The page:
Another interesting tidbit: throughout the development section of the first movement, the elaborate snare drum part gets played on a deep 'military' drum; thus enhancing the 'outdoors-y' flavor of Mahler's parade ground music. Good stuff.
1 of 1 people found the following review helpful
The finest Mahler third since Chailly 7 July 2013
By Prescott Cunningham Moore - Published on
Format: Audio CD Verified Purchase
Manfred Honeck's credentials as a Mahlerian were proven in spades in his wonderful renditions of the first and fourth symphonies, but this magnificent performance of the third is really something special. It is hard to pin-point exactly what makes this performance so spectacular because everything about this performance sounds right. Honeck's ability to sustain tension over Mahler's large sonic landscapes is masterful, his sense of pacing is perfect, his tempo choices are ideal, and, most importantly, he knows exactly how to shape the music so it has drive and purpose.

In the first movement, where most conductors struggle to maintain an interpretive point of view, Honeck's highlights Mahler's unique sonata-structure with a central climax, the "summer storm," that is truly a climax, a dizzying, terrifying orchestral explosion that leads into a masterfully managed recapitulation. Regarding the little minuet, Honeck negotiates the bizarre tempo shifts expertly while coaxing some beautifully idiomatic timbres from the strings. Honeck's scherzo is chocked full of energy and earthy humor, interrupted only by the soft sounds of the loving trio.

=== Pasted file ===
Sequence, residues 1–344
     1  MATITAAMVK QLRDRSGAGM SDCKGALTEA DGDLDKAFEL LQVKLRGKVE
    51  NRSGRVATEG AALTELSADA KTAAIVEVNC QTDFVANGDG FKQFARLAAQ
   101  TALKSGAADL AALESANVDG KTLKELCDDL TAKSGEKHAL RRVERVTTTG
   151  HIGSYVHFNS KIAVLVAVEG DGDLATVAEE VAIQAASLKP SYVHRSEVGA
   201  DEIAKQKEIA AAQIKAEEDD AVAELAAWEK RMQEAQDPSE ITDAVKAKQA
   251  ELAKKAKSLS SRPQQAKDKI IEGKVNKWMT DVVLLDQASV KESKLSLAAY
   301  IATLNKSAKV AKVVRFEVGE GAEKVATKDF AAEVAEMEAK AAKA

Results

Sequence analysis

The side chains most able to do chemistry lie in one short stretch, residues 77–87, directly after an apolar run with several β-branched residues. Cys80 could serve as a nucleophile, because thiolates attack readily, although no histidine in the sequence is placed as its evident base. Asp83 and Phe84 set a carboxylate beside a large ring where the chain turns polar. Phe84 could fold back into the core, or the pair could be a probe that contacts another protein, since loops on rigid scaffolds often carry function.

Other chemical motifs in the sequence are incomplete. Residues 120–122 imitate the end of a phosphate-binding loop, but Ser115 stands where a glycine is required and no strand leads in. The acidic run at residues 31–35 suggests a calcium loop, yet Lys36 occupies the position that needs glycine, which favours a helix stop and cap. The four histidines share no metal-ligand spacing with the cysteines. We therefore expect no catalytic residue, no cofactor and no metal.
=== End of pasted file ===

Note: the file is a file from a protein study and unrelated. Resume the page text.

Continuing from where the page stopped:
That this is Michelle de Young's third Mahler third in about a decade is a commentary on the sad sate of the classical record industry today, especially considering she was never had an ideal voice for this work. Since her initial recording with Thomas as part of San Francisco's complete cycle, de Young's voice has darkened and taken on an unattractive wobble but she is sensitive enough to as not take away from the performance in the two vocal movements. After her contributions in the "bim bam" movement have passed, it is smooth sailing into the brilliant finale, where Honeck's mastery with Mahler's long vocal lines takes center stage. He manages the false climaxes brilliantly, leading into an overwhelmingly satisfying conclusion.